We are working on genetic approaches that target vector mosquitoes to control transmission of malaria parasites. We are testing the hypothesis that the introduction into a population of vector mosquitoes of a gene conferring resistance to malaria parasites will decrease pathogen transmission and result in less disease and mortality In humans. The goals that must be met to test this hypothesis Include the development of mosquitoes engineered genetically to be incapable of the transmission of malaria parasites. Major steps in the laboratory efforts to develop these insects Included the adaptation of transgenesis technologies for the stable introduction of genes into the appropriate vector mosquito species, the discovery of promoter sequences from mosquito genes that could be used to express effector molecules at a time and place In the insects so as to optimize the impact on the target pathogens, and the formulation of effector genes that efficiently prevent the development of pathogens while at the same time Impose negligible fitness loads on the mosquitoes carrying them.
The Specific Aims of this proposal address the working hypothesis that it should be possible to engineer the effector genes so as to achieve the target of zero parasite prevalence (percent of all mosquitoes with an infection) and mean intensities of infection (average number of parasites in only those mosquitoes infected) in the salivary glands of parasite-challenged mosquitoes.
The Specific Aims are 1) optimize expression of single-chain antibodies (scFv) that disable Plasmodium falciparum In the midgut and hemolymph of transgenic Anopheles stephensi;2) construct and test in parasite-challenge assays transgenic An. stephensi carrying single and multiple optimized scFvs for their ability to prevent parasites from infecting midguts and salivary glands;and 3) evaluate the fitness of strains of An. stephensi carrying one or more transgenes expressing anti-parasite scFvs relative to control laboratory colonies using life-table parameters. Gene cloning, transgenesis (both transposon- and site-specific recombination-mediated), fitness assays and parasite-challenge assays are used to develop and test genes that confer resistance In An. stephensi to the human malaria parasite, P. falciparum.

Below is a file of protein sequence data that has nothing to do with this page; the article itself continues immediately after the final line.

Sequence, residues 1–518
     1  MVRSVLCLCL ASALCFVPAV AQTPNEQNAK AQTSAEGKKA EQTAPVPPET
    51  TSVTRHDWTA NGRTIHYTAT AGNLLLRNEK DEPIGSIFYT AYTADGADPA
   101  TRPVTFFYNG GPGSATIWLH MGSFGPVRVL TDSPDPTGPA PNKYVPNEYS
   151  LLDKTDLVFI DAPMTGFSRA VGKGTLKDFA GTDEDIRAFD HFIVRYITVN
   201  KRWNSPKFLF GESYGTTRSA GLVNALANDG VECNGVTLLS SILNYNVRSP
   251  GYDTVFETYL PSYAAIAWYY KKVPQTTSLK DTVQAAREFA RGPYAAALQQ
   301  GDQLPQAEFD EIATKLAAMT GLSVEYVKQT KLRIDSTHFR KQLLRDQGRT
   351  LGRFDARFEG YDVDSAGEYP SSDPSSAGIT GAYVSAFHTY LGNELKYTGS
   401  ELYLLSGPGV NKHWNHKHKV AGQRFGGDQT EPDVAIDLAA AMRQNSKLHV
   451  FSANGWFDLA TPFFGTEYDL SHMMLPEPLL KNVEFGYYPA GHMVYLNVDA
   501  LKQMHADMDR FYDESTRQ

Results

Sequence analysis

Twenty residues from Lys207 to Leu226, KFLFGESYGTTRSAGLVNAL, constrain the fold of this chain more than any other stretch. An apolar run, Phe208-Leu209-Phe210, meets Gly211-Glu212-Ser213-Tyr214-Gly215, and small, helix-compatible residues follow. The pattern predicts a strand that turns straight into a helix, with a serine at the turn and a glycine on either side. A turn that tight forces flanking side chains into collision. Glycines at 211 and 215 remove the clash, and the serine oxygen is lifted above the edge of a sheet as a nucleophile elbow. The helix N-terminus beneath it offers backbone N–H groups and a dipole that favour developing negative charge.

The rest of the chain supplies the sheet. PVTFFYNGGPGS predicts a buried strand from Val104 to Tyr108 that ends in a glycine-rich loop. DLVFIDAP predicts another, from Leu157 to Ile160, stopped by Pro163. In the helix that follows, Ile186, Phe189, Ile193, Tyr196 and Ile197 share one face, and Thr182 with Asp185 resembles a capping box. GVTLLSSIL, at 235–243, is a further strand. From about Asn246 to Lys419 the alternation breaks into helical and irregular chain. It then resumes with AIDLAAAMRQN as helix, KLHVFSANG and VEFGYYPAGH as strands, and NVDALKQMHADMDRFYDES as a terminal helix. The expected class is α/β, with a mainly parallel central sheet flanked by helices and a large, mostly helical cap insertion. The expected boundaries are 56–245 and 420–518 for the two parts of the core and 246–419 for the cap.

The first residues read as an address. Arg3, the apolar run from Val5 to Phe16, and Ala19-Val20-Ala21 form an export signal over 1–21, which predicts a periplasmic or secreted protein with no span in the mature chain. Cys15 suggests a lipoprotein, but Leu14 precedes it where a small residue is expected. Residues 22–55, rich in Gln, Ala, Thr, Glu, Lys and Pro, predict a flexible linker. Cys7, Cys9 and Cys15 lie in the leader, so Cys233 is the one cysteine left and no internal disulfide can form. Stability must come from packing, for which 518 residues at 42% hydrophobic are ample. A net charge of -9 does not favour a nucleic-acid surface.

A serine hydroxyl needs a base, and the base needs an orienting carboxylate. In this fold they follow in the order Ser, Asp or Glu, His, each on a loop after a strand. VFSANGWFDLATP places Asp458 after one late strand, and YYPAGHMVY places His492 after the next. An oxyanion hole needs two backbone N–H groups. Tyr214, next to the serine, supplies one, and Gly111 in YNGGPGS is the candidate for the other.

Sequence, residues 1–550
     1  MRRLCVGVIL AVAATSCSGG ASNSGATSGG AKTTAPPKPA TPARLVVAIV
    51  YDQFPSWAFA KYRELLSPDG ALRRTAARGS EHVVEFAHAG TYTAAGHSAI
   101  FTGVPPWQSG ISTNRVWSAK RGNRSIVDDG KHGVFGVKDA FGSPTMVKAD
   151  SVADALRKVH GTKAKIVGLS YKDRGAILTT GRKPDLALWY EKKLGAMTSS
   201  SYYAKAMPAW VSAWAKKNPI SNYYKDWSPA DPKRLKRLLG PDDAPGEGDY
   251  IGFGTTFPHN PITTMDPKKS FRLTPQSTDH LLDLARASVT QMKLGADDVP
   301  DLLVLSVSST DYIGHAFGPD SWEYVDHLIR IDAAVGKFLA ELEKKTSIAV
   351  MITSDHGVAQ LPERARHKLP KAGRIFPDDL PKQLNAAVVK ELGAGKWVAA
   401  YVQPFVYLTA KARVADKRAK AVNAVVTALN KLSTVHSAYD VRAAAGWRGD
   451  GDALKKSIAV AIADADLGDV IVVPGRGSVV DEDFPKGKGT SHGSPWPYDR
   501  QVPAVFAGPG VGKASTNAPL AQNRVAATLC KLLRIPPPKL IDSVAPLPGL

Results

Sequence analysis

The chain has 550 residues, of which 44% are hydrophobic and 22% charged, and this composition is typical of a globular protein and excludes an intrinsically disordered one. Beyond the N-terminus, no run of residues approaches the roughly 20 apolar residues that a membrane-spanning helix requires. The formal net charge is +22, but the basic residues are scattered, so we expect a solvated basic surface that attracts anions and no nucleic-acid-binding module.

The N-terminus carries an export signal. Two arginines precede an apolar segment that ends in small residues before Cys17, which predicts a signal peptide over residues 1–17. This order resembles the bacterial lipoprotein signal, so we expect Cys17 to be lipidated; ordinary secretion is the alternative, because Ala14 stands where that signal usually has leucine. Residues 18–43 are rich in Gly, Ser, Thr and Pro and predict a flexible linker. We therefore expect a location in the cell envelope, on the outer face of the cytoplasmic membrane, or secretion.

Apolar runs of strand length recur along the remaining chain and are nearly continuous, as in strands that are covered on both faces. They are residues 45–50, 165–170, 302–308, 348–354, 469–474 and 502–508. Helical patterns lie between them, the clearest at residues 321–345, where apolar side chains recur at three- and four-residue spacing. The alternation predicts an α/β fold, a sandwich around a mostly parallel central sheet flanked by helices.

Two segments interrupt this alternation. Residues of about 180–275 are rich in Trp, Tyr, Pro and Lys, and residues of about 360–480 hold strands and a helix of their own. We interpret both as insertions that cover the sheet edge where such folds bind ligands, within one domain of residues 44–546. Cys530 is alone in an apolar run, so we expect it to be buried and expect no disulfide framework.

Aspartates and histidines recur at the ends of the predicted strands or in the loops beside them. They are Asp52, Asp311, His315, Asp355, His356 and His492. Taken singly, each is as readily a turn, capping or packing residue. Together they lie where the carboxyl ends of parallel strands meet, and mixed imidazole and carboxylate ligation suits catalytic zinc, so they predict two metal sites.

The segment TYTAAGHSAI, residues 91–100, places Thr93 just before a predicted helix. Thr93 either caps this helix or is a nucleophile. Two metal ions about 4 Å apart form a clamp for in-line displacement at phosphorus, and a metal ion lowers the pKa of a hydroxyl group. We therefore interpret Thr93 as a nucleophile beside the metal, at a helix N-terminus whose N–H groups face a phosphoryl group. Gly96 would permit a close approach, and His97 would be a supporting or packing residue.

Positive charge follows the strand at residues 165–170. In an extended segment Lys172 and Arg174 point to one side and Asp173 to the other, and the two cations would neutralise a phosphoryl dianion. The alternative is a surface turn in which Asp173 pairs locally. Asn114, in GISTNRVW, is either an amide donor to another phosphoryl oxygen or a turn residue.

Malaria eradication will require vector-control strategies that are both self-sustaining and not affected by migration of infected humans and mosquitoes. Replacement of wild malaria-susceptible mosquito populations with transgenic strains that block parasite development could Interrupt the cycle of disease transmission and support eradication efforts.
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